Does Moscow intend to keep out in order to intervene late in the struggle as an intermediary? Some people would interpret it in this way because of the fact that several Communist members of Parliament have the other day distributed some leaflets in the corridors of the Palace Bourbon (5), evidently with the consent of the Russian Embassy here, in which the failure of the famous negotiations was attributed to Britain and it was affirmed that Stalin has decided to observe the strictest neutrality (after having taken his share of Polish territory).
If this were true, it would be much better that similar action were taken, at a proper moment, by M. Mussolini and by President Roosevelt, not to speak of the Holy Father. Some people are looking forward to the next Pan-American Conference (6), which will be presided over by Roosevelt himself; but unfortunately, it would seem very difficult for a peace initiative to have any hope of success at this moment.
(1) Auguste Champetier de Ribes, (1882-1947), French Senator 1934-40, a senior advisor to Edourd Daladier (1884-1970), French Prime Minister and Foreign Minister 1938-39-40.
(2) Hitler addressed a large gathering of Nazi faithful in Danzig in the evening of the same day as the Nuncio’s report to Rome. The text can be found here: http://www.hitler.org/speeches/09-13-39.html In the speech Hitler said Germany had no territorial claims on Britain or France but Germany had been forced into war because of Polish outrages against German minorities. Germany had only ever sought the way of peace but the war-mongers in other states had encouraged Polish aggression. Even so, the inferior Poles had, in many instances fought heroically at the lower levels while deserted by the Polish officers and military leadership. Text follows below.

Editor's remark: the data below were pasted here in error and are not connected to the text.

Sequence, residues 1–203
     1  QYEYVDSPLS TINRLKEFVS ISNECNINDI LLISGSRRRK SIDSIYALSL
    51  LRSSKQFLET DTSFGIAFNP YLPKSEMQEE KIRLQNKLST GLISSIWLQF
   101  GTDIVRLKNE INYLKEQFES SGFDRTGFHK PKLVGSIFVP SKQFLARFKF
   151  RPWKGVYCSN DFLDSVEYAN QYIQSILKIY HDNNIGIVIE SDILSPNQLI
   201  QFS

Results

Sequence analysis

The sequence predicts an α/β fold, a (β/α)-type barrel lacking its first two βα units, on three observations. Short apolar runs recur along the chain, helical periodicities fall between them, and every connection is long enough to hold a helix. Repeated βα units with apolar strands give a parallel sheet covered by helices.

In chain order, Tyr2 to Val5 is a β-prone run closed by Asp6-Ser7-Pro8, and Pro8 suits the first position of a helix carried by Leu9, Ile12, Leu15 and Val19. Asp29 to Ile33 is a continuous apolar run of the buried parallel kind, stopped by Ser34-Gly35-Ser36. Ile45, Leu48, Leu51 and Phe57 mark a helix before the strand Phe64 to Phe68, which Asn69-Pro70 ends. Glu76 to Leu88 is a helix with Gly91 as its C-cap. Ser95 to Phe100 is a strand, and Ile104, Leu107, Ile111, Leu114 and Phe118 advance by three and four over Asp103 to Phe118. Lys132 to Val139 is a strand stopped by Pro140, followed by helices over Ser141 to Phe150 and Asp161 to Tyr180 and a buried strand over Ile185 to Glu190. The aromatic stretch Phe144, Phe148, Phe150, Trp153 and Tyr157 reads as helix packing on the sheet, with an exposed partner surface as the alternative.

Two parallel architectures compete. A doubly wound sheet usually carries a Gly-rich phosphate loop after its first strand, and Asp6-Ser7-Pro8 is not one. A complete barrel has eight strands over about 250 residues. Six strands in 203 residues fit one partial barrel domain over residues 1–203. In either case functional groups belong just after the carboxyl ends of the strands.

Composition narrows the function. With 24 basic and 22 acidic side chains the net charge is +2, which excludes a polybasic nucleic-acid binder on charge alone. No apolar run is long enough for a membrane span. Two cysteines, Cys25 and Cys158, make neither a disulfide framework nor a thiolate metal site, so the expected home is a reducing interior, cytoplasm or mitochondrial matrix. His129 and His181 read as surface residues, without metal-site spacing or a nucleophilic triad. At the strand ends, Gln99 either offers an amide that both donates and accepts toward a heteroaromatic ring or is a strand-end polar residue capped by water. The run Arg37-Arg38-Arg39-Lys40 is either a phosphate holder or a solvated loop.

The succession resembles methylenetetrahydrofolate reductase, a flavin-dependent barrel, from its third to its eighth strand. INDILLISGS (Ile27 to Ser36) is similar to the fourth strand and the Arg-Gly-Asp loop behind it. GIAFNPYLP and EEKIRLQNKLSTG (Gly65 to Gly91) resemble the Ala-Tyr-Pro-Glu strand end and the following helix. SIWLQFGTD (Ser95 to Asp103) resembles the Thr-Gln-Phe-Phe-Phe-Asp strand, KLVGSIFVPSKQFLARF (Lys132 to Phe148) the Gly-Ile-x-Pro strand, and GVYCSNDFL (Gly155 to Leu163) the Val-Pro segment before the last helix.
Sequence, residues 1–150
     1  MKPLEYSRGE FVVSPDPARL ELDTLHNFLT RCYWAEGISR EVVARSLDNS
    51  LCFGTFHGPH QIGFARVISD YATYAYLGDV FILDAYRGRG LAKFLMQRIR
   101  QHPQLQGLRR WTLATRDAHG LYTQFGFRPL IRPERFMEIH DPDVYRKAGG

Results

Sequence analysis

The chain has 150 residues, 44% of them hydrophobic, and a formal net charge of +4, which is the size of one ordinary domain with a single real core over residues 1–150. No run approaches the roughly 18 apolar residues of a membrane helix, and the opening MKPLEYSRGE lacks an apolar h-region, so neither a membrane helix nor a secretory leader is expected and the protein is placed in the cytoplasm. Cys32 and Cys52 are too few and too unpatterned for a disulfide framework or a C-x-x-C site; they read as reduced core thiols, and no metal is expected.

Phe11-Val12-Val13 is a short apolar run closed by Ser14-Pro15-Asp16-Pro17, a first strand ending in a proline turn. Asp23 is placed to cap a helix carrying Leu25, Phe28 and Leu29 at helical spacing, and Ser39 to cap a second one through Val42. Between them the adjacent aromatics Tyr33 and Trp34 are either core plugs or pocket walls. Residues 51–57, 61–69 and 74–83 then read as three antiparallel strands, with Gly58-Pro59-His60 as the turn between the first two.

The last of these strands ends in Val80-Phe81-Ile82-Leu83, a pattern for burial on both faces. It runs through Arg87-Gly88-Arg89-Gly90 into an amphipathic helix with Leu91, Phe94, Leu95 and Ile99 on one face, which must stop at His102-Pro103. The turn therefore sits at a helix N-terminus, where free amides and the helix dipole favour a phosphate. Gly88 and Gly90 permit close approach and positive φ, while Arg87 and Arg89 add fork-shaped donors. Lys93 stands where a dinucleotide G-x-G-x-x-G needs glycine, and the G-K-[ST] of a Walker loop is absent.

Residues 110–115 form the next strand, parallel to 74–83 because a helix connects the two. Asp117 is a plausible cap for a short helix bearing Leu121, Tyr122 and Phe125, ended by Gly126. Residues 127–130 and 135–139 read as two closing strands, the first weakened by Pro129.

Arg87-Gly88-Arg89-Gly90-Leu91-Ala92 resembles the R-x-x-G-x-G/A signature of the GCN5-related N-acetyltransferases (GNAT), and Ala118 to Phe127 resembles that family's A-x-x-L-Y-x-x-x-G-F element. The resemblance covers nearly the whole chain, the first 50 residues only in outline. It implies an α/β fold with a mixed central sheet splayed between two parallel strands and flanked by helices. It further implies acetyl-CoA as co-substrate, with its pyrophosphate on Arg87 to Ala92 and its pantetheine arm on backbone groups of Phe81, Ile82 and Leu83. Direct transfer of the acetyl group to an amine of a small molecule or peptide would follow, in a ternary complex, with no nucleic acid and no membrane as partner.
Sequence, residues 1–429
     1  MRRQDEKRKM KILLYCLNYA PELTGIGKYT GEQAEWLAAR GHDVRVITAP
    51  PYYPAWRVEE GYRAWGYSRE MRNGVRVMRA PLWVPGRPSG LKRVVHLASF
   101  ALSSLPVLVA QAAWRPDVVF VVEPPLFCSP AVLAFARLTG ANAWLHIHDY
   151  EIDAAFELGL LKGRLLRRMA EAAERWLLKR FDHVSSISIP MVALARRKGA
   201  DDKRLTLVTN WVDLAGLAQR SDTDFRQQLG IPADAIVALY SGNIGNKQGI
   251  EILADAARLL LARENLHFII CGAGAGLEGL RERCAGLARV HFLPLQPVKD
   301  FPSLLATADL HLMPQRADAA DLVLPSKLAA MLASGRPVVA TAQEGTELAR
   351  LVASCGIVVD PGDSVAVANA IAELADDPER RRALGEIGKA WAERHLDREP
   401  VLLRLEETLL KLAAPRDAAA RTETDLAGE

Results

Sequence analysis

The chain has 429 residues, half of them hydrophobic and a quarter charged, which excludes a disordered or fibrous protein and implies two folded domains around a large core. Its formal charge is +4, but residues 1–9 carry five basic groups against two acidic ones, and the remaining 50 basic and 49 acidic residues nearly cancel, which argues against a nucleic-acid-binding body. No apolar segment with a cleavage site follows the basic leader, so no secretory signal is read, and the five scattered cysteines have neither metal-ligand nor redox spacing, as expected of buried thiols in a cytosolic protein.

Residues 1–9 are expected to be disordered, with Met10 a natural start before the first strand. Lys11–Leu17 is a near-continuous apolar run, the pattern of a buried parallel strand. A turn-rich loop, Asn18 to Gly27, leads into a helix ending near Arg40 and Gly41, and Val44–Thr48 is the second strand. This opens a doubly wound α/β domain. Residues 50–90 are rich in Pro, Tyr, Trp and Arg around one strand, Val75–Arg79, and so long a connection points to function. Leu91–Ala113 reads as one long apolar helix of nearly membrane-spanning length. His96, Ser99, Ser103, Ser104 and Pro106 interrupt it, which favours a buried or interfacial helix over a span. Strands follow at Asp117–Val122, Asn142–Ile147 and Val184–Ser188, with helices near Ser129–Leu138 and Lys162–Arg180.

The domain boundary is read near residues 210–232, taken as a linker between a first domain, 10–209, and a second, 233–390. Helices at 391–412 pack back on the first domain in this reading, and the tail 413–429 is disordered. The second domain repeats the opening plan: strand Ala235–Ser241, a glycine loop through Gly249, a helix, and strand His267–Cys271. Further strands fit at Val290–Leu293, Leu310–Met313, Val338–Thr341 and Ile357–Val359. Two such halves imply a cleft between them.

(3) Neville Chamberlain, (1869-1940), British Prime Minister 1937-40. Formal Declaration of War, 03.09.1939: http://www.bbc.co.uk/archive/ww2outbreak/7957.shtml?page=txt
(4) Mehmet Sukru Saracoglu (1886-1953), Turkish Minister for Foreign Affairs 1938-42, visited Moscow in late September and October 1939 for talks regarding Soviet proposals to revise the 1936 Montreux Convention which had given Turkey an internationally recognised and exclusive right to control access to the Bosphorus and Dardenelles. The Soviet Union wanted control over the straits, a foreign policy direction that traced former Imperial Russian policy back to the reign of Catherine the Great. Turkey refused. Tensions between the USSR and Turkey were not resolved until 1947 when Turkey abandoned neutrality and sided with the Western Powers.
(5) The Bourbon Palace housed the National Assembly.
(6) The Pan-American Conference or the International Conference of American States, made up of the republics of the Americas, met periodically from 1889. There was no Pan-American Conference during the war, although there were several meetings of Foreign Ministers (September 1939, July 1940 and July 1942). The 1939 meeting was held in Panama City and the delegates issued statements affirming Northern and Southern American neutrality south of Canada, and warnings to belligerent states to respect North and South American territorial waters. (Canada joined the Union of American States in 1989)